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350 Extra Medical School Places Allocated in NHS Training Boost

The UK government has announced the allocation of an additional 350 medical school places in England for the academic year 2025/26, marking a significant stride in fulfilling the objectives outlined in the NHS Long Term Workforce Plan.

Backed by more than £2.4 billion in government funding, the NHS Long Term Workforce Plan aims to recruit and retain hundreds of thousands more staff over the next 15 years, representing the most extensive training expansion in the health service’s history. One of its central commitments is to double the number of medical school places in England to 15,000 by 2031, while also addressing disparities in the geographic distribution of places.

The Office for Students (OfS) has now allocated 350 places to medical schools across the country for the academic year 2025/26, with a focus on bolstering training opportunities in under-doctored areas. This allocation follows last year’s distribution of 205 additional medical school places for the 2024/25 academic year, which commenced a year ahead of schedule.

Health and Social Care Secretary Victoria Atkins expressed the government’s commitment to ensuring a robust healthcare workforce for the future, emphasizing the importance of doubling medical school places to meet the nation’s healthcare needs. Education Secretary Gillian Keegan echoed these sentiments, highlighting the expanded opportunities for aspiring medical professionals.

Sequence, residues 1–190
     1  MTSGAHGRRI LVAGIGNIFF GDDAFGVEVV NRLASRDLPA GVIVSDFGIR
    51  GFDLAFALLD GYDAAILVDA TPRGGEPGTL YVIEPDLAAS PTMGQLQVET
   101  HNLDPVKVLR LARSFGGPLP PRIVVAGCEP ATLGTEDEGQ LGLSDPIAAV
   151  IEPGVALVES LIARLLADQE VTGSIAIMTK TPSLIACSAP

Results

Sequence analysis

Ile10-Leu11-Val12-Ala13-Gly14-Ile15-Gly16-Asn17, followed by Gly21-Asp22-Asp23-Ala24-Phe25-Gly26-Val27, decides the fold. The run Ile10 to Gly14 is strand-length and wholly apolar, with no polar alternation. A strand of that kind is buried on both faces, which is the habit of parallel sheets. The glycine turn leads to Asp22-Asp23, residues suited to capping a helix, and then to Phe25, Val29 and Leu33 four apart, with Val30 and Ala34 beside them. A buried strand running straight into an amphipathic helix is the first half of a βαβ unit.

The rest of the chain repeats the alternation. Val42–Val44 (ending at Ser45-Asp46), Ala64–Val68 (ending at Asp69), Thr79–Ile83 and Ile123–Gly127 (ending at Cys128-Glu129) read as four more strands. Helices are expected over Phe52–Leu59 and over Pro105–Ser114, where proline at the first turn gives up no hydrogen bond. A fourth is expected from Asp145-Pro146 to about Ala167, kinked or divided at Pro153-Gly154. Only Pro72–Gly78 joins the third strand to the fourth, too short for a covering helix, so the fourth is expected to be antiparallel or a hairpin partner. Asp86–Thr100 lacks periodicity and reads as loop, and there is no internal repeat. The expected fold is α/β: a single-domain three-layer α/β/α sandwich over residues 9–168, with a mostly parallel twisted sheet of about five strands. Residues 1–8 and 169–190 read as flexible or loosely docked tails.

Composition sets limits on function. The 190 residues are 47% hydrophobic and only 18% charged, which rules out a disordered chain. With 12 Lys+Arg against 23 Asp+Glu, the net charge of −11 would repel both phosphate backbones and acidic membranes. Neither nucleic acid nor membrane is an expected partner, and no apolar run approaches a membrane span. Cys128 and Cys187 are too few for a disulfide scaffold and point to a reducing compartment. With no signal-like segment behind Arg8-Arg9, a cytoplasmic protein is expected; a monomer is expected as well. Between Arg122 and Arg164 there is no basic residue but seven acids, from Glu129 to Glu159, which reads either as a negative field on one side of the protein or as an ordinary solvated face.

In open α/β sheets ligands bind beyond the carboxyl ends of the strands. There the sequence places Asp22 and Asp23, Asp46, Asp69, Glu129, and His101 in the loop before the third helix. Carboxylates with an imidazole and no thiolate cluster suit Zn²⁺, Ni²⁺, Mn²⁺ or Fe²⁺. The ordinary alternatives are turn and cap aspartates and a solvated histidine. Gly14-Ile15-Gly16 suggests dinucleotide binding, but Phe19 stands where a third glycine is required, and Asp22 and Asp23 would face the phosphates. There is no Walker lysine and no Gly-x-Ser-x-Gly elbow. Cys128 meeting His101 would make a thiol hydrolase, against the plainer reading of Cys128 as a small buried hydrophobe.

Amanda Pritchard, Chief Executive of NHS England, described the allocation of additional medical school places as a crucial step towards bolstering patient care nationwide. Dr. Katie Petty-Saphon, CEO of the Medical Schools Council, welcomed the announcement, emphasizing the importance of widening participation in the medical profession and recruiting locally in under-doctored areas.

The allocation of places has been strategically targeted to address areas with insufficient medical coverage, with significant increases granted to universities in Sunderland, Leeds, East Anglia, Anglia Ruskin, Plymouth, and Surrey. Notably, the University of Surrey is receiving government-funded places for the first time.

This expansion builds on previous efforts to increase medical school capacity, including a 25% expansion completed in 2020, which established five new medical schools and raised the total number of places to 7,500 per year.

The government and NHS England plan to continue working closely with partners, including medical schools, NHS trusts, and the General Medical Council, to implement ambitious reforms in medical education outlined in the NHS Long Term Workforce Plan. Through ongoing collaboration and investment, they aim to exceed current targets and ensure a sustainable workforce for the future of healthcare in the UK.

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